Photo of Jean Shrimpton by Cecil Beaton, 1964
The gala opening of the exhibition "Model as Muse" at the Metropolitan Museum of Art on Monday night was a convergence of the glitterati of the worlds of fashion and Hollywood. Presiding over the event was Marc Jacobs and his co-chair Justin Timberlake who welcomed Anna Wintour, Madonna, Kate Moss, Anne Hathaway, Lauren Hutton.... (to see photos and videos of the gala, check out www.style.com)
Curated by Harold Koda and Kohle Yohannan, the exhibit explores the relationship between high fashion and the evolving ideals of beauty as portrayed in the iconic models of 1947-1997. Models featured in the exhibition include: Dorian Leigh, Suzy Parker, Dovima, Jean Shrimpton, Veruschka, Twiggy, Jerry Hall, Linda Evangelista, Naomi Champbell and others.
To me, what is really interesting is not the models themselves but the concept of muse. What is a muse?
In classical mythology, muse refers to the nine daughters of Zeus and Mnemosyne who presided over the arts:
Calliope (epic poetry)
Erato (lyric poetry)
Polyhymnia (religious music)
(I suppose since painting and sculpture are not included here, that my artwork must fall into the category of tragedy!!!)
In more common usage, a muse is someone (sometimes referred to as a goddess!!!) who has the power to inspire an artist.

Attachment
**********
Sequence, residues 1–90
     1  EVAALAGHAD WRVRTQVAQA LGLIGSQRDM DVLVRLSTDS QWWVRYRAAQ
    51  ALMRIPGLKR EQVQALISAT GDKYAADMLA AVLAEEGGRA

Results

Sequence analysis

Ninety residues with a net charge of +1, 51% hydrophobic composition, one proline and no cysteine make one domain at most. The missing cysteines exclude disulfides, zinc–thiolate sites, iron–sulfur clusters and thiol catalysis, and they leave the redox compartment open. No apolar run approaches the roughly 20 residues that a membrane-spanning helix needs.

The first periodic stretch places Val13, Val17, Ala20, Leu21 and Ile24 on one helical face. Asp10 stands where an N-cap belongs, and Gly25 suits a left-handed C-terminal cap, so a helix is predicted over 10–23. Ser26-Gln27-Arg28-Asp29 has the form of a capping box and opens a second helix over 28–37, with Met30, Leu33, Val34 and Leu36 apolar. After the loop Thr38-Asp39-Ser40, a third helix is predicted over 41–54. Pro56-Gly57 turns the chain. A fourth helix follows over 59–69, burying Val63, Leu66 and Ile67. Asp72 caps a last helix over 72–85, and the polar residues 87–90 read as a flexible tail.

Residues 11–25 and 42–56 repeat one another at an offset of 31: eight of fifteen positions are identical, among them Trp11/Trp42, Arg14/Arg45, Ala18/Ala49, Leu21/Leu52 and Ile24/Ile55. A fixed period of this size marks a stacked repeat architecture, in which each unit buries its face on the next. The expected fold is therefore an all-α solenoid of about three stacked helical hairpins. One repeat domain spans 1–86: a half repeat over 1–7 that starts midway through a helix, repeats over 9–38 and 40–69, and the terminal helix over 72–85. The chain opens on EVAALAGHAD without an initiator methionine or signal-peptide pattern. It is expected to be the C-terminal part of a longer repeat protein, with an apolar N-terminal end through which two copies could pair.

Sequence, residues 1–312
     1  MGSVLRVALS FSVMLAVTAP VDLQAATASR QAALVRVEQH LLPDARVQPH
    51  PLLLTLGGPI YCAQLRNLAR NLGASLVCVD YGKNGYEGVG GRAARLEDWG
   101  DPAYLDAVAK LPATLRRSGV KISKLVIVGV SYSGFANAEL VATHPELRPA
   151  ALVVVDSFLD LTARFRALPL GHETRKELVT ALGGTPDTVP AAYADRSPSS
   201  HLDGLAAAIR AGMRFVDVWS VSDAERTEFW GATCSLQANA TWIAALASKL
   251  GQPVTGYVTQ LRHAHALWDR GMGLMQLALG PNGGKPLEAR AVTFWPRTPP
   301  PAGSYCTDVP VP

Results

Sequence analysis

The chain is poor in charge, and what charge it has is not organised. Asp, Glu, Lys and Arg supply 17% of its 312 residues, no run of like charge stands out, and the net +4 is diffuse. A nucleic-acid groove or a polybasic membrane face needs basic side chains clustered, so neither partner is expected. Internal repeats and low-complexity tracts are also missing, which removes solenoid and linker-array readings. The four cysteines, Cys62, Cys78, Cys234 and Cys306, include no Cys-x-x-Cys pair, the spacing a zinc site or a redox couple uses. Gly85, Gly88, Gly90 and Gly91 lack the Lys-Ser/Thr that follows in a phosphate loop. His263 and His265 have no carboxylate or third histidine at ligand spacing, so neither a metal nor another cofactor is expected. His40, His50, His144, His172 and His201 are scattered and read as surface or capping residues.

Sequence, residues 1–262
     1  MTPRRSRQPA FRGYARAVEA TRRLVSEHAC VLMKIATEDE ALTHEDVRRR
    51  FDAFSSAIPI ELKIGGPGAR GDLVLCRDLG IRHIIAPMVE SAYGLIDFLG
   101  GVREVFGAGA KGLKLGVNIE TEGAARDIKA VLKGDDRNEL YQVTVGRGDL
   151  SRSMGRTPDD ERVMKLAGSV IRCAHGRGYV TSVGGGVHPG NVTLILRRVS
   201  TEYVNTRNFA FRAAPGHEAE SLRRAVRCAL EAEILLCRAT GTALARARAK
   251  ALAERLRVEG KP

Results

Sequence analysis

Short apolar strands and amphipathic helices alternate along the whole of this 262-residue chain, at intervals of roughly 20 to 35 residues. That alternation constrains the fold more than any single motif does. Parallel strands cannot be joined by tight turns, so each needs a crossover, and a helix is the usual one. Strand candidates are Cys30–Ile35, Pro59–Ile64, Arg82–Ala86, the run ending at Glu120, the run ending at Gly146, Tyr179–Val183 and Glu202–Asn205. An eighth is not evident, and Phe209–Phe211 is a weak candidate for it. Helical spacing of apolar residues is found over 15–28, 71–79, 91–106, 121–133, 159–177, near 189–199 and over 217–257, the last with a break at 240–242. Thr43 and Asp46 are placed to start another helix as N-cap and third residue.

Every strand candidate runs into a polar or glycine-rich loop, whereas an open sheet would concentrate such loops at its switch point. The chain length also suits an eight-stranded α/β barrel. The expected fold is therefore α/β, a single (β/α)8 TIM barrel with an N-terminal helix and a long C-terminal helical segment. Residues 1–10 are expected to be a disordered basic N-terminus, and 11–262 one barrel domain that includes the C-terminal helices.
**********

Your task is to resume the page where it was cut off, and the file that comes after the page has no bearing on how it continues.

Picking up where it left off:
For May's issue of Vogue, Hamlish Bowles interviewed Marc Jacobs on his creative process. Jacobs said that "A collection is just that -- a collection of thoughts, ideas, and experiences, trials and errors, editing and adding. It's something that unfolds." And for each collection, at some point in that process, a muse emerges. "So whether it is Kate Moss or Winona Ryder, it's the imperfection that I find so beautiful. The flaw, their Achilles heel, is as interesting as the perfection."
In the book "The Beautiful Fall, Fashion, Genius and Glorious Excess in 1970s Paris", I learned that Lagerfeld and Yves Saint Laurent relied heavily on their inner circle of favourite models and friends to inspire their creations. Lagerfeld was especially heartless in that he would use people until they no longer served his creative purposes. "The members of his shifting entouage were there to provide information, energy, laughter, ideas, and significantly, youth, and they were replaced when they no longer fulfilled these criteria" (page 310).
My muse is the goddess of fashion. As ephemeral as she may be, she is a wellspring of beauty and delight.
Who is your muse?